Here is an example of an XOR encoded malicious URL found in a Word document with malicious VBA code.

20141212-164241

20141212-164325

Although this is an update, it turns out I never released it on my site here, but it has been released on the 010 Editor script repository.

XORSelection_V3_0.zip (https)
MD5: EAF49C31C20F52DDEF74C1B50DC4EFA1
SHA256: 755913C46F8620E6865337F621FC46EA416893E28A4193E42228767D9BD7804A

Tuesday 25 November 2014

Update: find-file-in-file.py Version 0.0.4

Filed under: Forensics,My Software,Update — Didier Stevens @ 22:05

Here is the version I talked about in my Bitcoin virus posts.

It also has an embedded man page (use option –man).

find-file-in-file_v0_0_4.zip (https)
MD5: CD381616158BD233D94B368554B824C6
SHA256: FD5C4E3EC99371754E58B93D3D96CBA7A86C230C47FC9C27C9B871ED8BFB9149

Man page:

Usage: find-file-in-file.py [options] file-contained file-containing […]
Find if a file is present in another file

Arguments:
file-containing can be a single file, several files, and/or @file
@file: run the command on each file listed in the text file specified
wildcards are supported
batch mode is enabled when more than one file is specified

Source code put in the public domain by Didier Stevens, no Copyright
Use at your own risk

https://DidierStevens.com

Options:
–version             show program’s version number and exit
-h, –help            show this help message and exit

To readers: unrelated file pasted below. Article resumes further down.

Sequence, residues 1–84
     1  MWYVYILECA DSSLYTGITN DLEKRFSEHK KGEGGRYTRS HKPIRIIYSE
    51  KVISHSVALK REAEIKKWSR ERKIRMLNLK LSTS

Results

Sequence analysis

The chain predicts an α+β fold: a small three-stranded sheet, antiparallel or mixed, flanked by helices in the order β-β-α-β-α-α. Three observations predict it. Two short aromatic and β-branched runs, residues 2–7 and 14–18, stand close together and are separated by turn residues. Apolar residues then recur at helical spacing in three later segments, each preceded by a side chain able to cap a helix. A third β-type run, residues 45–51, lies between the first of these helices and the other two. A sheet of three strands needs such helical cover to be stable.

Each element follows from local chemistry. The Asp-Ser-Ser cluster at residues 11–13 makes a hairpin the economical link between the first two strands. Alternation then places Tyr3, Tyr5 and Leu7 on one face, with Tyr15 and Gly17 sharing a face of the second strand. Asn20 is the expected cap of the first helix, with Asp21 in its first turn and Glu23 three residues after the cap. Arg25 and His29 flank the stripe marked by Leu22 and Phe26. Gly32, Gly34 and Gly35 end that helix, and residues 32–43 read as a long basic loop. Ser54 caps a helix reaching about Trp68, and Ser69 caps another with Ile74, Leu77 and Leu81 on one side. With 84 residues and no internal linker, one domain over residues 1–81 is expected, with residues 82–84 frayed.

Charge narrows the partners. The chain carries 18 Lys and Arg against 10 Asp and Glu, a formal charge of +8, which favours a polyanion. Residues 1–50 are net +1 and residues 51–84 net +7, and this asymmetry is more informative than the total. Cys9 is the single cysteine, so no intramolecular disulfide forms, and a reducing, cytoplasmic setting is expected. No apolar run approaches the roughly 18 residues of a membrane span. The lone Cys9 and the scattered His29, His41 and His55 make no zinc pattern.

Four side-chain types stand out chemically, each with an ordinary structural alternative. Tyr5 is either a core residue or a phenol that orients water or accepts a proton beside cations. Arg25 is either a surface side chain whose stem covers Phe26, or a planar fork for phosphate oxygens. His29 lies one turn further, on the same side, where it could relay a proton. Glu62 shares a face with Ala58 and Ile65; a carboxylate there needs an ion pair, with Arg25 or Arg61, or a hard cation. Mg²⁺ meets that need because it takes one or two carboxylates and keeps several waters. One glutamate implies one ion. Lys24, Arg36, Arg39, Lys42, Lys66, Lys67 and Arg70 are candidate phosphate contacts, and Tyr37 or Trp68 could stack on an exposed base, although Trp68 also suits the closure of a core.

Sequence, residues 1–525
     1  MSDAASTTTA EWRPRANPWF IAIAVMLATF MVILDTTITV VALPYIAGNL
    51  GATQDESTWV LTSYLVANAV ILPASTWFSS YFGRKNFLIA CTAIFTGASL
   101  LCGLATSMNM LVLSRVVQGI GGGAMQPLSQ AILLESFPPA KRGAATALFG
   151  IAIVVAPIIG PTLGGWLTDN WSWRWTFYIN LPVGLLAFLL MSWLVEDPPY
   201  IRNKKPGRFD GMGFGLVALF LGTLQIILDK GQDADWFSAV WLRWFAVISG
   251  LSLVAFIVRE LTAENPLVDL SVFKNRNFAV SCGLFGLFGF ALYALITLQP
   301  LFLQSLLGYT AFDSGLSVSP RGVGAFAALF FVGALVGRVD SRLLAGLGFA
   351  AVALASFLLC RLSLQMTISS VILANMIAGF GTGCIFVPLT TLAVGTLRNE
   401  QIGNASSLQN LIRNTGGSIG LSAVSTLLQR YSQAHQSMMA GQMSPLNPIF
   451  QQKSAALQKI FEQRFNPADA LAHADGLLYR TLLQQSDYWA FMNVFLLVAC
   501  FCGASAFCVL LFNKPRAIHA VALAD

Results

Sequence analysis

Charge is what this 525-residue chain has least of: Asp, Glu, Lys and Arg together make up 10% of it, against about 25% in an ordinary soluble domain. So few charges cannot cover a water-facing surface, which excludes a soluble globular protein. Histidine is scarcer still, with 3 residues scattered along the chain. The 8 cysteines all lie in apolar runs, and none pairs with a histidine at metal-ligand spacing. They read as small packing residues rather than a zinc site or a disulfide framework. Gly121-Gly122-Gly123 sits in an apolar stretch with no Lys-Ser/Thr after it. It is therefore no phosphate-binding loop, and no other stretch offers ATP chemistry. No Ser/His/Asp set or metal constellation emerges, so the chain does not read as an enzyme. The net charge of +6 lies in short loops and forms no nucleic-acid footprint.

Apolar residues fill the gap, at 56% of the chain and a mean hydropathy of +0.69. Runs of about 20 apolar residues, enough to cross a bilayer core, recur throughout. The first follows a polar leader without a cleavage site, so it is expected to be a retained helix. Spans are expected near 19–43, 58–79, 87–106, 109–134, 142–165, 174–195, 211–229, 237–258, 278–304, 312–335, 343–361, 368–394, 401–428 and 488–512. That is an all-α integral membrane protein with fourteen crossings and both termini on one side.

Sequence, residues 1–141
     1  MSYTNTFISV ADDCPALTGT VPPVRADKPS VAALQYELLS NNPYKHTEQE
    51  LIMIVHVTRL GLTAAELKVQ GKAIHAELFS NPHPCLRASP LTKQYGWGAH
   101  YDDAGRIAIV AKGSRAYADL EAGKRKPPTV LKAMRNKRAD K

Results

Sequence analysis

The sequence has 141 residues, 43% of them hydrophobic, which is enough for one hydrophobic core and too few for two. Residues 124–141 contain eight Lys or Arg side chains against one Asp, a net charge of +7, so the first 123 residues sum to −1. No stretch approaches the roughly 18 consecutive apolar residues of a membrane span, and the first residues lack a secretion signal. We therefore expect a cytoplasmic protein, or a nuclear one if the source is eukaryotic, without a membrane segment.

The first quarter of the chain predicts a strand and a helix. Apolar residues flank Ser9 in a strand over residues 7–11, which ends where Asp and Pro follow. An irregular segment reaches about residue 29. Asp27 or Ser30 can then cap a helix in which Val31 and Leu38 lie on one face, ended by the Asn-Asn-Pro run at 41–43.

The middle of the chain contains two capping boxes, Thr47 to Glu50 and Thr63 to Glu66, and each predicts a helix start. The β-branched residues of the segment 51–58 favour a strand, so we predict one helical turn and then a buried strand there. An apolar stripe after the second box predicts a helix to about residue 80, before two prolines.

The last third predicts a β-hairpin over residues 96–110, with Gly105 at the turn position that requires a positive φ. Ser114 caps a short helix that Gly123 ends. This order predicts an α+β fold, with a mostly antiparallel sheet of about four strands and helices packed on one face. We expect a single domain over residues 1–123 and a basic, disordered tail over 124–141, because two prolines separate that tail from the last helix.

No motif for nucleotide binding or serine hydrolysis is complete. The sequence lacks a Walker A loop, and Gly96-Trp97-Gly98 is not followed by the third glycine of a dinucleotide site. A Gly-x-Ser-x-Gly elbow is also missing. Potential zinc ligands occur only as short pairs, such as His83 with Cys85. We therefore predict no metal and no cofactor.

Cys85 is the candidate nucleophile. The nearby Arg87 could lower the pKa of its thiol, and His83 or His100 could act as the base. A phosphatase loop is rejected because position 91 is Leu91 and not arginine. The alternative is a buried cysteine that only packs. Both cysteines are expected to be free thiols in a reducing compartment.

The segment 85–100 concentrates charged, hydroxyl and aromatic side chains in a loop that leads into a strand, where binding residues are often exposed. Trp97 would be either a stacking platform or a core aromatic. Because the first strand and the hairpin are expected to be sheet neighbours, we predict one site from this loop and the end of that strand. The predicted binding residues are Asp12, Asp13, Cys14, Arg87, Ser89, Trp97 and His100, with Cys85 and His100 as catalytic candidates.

-m MINIMUM, –minimum=MINIMUM
Minimum length of byte-sequence to find (default 10)
-o, –overlap         Found sequences may overlap
-v, –verbose         Be verbose in batch mode
-p, –partial         Perform partial search of contained file
-O OUTPUT, –output=OUTPUT
Output to file
-b RANGEBEGIN, –rangebegin=RANGEBEGIN
Select the beginning of the contained file (by default
byte 0)
-e RANGEEND, –rangeend=RANGEEND
Select the end of the contained file (by default last
byte)
-x, –hexdump         Hexdump of found bytes
-q, –quiet           Do not output to standard output
–man                 Print manual

Manual:

find-file-in-file is a program to test if one file (the contained
file) can be found inside another file (the containing file).

Here is an example.
We have a file called contained-1.txt with the following content:
ABCDEFGHIJKLMNOPQRSTUVWXYZ
and have a file called containing-1.txt with the following content:
0000ABCDEFGHIJKLM1111NOPQRSTUVWXYZ2222

When we execute the following command:
find-file-in-file.py contained-1.txt containing-1.txt

We get this output:
0x00000004 0x0000000d (50%)
0x00000015 0x0000000d (50%)
Finished

This means that the file contained-1.txt was completely found inside
file containing-1.txt At position 0x00000004 we found a first part
(0x0000000d bytes) and at position 0x00000015 we found a second part
(0x0000000d bytes).

We can use option hexdump (-x) to see which bytes were found:
find-file-in-file.py -x contained-1.txt containing-1.txt
0x00000004 0x0000000d (50%)
41 42 43 44 45 46 47 48 49 4a 4b 4c 4d
0x00000015 0x0000000d (50%)
4e 4f 50 51 52 53 54 55 56 57 58 59 5a
Finished

The containing file may contain the contained file in an arbitrary
order, like file containing-2.txt:
0000NOPQRSTUVWXYZ1111ABCDEFGHIJKLM2222

Example:
find-file-in-file.py -x contained-1.txt containing-2.txt
0x00000015 0x0000000d (50%)
41 42 43 44 45 46 47 48 49 4a 4b 4c 4d
0x00000004 0x0000000d (50%)
4e 4f 50 51 52 53 54 55 56 57 58 59 5a
Finished

The containing file does not need to contain the complete contained